SAN FRANCISCO — The UC Board of Regents voted Wednesday to officially endorse Proposition 30, Gov. Jerry Brown’s tax initiative, and in doing so affirmed the tuition freeze afforded by the $125.4 million tuition buyout included in the recently passed state budget.
If passed, the initiative would provide the UC with $125 million to prevent the need for a 20.3 percent tuition increase in the middle of next year. If the initiative does not pass, the university will lose that money as well as the tuition buyout, and it will face an overall budget shortfall of $375.4 million, according to the meeting agenda item.
The board voted to support the initiative, but not before several regents expressed concerns that if voters do not approve it, the university would almost surely face tuition increases, currently approximated to be 20.3 percent of the present tuition amount.
“To think that we’ll face a $350 million cut and not have to raise fees?” said Regent Richard Blum, referring to the combined shortfall the UC will face if the November initiative does not pass. “You’re in a dream world.”
Only Regent Russell Gould voted against the endorsement.
The tax initiative would raise California’s sales tax one-fourth of a cent. It would also create new tax brackets that would raise the income tax 1 percent for those making more than $200,000 per year, 2 percent for those making more than $300,000 per year and 3 percent for those who make more than $500,000 per year.
“If students want to keep tuition low, they need to know that the governor’s proposal is a path to do so,” said UC President Mark Yudof. “It’s a defining moment for students to turn advocacy and protests into something (concrete).”
Some of the regents expressed regret that a more robust, five-year agreement with the governor could not have been reached, but they agreed this was the best deal that was available to the university.
“If we could have gotten a five-year deal, a better deal, we would have,” said Board Chair Sherry Lansing. “We’re going to continue trying. This was the first time we lobbied with the students. It deeply affects us. I enthusiastically support this, but it doesn’t stop here. We need to work with students, faculty, staff to get out the vote.”
In the discussion of the endorsement, some of the regents advocated including an automatic trigger that would instantly increase tuition if the initiative does not pass.
“Why are we hesitant to tie in a fee increase if the initiative doesn’t pass?” said Regent Leslie Tang Schilling. “Let’s be honest, it’s the only thing that we could do relatively quickly. I’d urge us to make clear that we will raise fees, if it doesn’t pass, 20 percent.”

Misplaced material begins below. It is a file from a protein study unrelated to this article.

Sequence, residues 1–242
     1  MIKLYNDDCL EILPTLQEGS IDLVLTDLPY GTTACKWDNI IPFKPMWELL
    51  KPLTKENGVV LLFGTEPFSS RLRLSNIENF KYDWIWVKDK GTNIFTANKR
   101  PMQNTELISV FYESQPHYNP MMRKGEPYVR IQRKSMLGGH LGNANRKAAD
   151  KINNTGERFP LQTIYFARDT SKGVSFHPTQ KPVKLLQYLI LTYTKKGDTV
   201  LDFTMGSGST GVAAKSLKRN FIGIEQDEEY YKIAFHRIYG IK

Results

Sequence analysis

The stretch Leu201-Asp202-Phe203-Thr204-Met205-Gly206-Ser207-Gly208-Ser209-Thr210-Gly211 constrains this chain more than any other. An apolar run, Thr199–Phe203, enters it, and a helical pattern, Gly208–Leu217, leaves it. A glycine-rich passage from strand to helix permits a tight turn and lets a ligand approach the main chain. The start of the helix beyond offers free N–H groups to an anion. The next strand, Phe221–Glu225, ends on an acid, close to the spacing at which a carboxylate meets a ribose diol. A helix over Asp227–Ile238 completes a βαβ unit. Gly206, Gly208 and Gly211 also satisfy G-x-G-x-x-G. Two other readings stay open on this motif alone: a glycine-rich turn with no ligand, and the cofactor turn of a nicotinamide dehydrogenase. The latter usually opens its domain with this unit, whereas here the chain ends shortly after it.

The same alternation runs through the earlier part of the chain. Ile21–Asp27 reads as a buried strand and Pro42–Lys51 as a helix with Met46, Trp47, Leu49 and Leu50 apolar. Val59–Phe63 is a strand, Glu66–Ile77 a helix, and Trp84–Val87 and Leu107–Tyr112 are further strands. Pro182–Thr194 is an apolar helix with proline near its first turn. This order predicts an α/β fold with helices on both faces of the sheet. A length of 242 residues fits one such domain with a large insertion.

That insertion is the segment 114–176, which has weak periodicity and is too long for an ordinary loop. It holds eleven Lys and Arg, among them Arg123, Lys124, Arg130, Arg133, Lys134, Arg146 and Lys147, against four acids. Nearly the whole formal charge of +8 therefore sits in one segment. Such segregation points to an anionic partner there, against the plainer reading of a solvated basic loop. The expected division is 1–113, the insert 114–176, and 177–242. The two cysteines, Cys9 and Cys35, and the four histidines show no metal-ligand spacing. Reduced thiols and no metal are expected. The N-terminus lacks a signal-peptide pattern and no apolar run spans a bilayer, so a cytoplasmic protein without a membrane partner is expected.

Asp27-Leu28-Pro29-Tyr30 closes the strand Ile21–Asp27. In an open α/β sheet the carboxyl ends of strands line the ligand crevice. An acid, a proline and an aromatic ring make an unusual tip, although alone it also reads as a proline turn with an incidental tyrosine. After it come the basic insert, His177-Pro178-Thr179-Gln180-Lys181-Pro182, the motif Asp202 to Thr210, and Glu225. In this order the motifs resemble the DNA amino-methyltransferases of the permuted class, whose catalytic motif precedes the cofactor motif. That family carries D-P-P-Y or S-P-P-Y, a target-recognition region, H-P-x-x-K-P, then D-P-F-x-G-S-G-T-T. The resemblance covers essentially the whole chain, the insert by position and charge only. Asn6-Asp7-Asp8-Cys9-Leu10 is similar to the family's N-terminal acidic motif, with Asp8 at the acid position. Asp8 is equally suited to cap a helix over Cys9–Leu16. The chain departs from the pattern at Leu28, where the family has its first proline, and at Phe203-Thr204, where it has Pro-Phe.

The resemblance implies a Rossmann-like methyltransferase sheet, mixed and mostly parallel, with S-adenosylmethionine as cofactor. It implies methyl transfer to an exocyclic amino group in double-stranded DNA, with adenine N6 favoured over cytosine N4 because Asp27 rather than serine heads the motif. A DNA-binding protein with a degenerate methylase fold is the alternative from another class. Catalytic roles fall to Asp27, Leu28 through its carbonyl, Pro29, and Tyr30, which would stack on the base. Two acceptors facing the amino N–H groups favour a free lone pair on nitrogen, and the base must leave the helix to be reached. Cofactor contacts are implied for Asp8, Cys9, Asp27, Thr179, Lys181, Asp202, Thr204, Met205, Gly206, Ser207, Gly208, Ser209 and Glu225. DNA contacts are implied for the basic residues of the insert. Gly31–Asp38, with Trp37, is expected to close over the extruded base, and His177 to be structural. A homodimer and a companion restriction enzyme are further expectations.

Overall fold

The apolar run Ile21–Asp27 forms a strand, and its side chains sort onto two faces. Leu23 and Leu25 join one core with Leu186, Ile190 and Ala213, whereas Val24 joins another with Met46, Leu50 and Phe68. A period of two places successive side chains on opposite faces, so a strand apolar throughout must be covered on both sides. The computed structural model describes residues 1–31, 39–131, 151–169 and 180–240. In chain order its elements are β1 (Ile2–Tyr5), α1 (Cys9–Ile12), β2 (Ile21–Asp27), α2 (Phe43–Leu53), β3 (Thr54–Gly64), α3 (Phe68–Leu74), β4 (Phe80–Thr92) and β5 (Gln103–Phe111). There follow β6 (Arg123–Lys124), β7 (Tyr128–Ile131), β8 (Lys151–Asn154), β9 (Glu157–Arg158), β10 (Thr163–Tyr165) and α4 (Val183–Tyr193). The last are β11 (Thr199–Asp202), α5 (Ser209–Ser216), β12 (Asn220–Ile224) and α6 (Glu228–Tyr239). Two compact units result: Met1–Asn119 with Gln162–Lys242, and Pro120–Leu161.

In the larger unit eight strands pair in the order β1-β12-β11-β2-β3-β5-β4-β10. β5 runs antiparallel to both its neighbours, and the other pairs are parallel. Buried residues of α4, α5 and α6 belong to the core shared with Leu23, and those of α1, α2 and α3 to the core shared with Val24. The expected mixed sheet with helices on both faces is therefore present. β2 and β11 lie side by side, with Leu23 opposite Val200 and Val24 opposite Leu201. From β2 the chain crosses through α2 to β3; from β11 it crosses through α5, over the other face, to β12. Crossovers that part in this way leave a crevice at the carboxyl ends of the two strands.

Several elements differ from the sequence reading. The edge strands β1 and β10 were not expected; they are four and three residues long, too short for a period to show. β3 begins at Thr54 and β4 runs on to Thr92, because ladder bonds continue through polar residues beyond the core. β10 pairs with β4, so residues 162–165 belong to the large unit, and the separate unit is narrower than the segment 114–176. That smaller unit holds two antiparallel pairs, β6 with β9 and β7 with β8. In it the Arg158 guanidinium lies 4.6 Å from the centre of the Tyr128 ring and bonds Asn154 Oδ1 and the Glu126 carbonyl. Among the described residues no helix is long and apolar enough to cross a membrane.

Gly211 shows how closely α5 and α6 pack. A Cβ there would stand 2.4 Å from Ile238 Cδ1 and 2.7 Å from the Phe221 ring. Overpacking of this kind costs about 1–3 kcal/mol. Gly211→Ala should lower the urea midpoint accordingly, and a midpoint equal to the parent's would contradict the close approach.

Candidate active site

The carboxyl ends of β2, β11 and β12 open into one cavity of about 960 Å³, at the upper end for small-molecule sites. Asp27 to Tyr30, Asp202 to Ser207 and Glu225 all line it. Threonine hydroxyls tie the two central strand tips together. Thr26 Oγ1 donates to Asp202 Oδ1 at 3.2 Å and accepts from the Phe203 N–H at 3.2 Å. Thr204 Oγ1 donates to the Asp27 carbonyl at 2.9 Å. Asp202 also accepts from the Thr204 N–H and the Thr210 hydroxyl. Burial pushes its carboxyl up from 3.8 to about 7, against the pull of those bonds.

The regents did not include this trigger cut when they voted to support the tax initiative, but they agreed to consider such action as well as other potential courses of action the next time they meet in September.
“Every day that we delay, the more likely it is that we’ll have tuition increases,” said Ex Officio Regent and Lt. Gov. Gavin Newsom, who said numerous times that he opposed any sort of fee increase.
Brown made an appearance at the end of the day, during which he stated that Prop. 30 was up in the polls and that it was crucial for everyone who cares about the future of education in California to rally for its passage.
“Our schools will definitely not do well if voters (don’t approve the initiative),” Brown said at the meeting. “It’s a matter of all hands on deck. We need to pull together.”
Aside from considering the failure of the initiative and the massive funding crisis that would result from it, many of the regents praised the process of working with students to win the tuition freeze and much of the discussion touched on the need to rally together to win support for the initiative.
“I will personally contribute to the campaign and we should ask our friends and neighbors (to do the same),” Blum said. “The idea of going with the governor is right answer, and it’s as important a vote as I’ve ever had on this board.”
Even while stating how crucial it is for the university’s short term funding needs that the November initiative pass, some regents like Bonnie Reiss acknowledged that it will not solve all of the university’s problems.
“This initiative still doesn’t come close to roll back tuition increases which is where we all want to go,” Reiss said. “I will vote to enthusiastically support (this proposition), but even it passes, it’s not a big celebration for us.”
Although the regents agreed to freeze UC undergraduate tuition for the time being, it approved tuition hikes for 57 professional programs across the university for 2012-13. Nursing programs at Davis, Irvine, Los Angeles and San Francisco received the most significant tuition hikes at 35 percent, and tuition at UC Berkeley’s Haas School of Business will increase 23 percent.
Also, tuition at the UC Berkeley School of Optometry and UCLA School of Theater, Film and Television will increase 12 percent and 10 percent, respectively.
“We just heard President Yudof and Chair Lansing talk about tuition freeze that are being negotiated with the state, yet you are still voting for over 50 new fees for grad students,” said UC Berkeley Graduate Assembly President Bahar Navab during the meeting’s public comments period.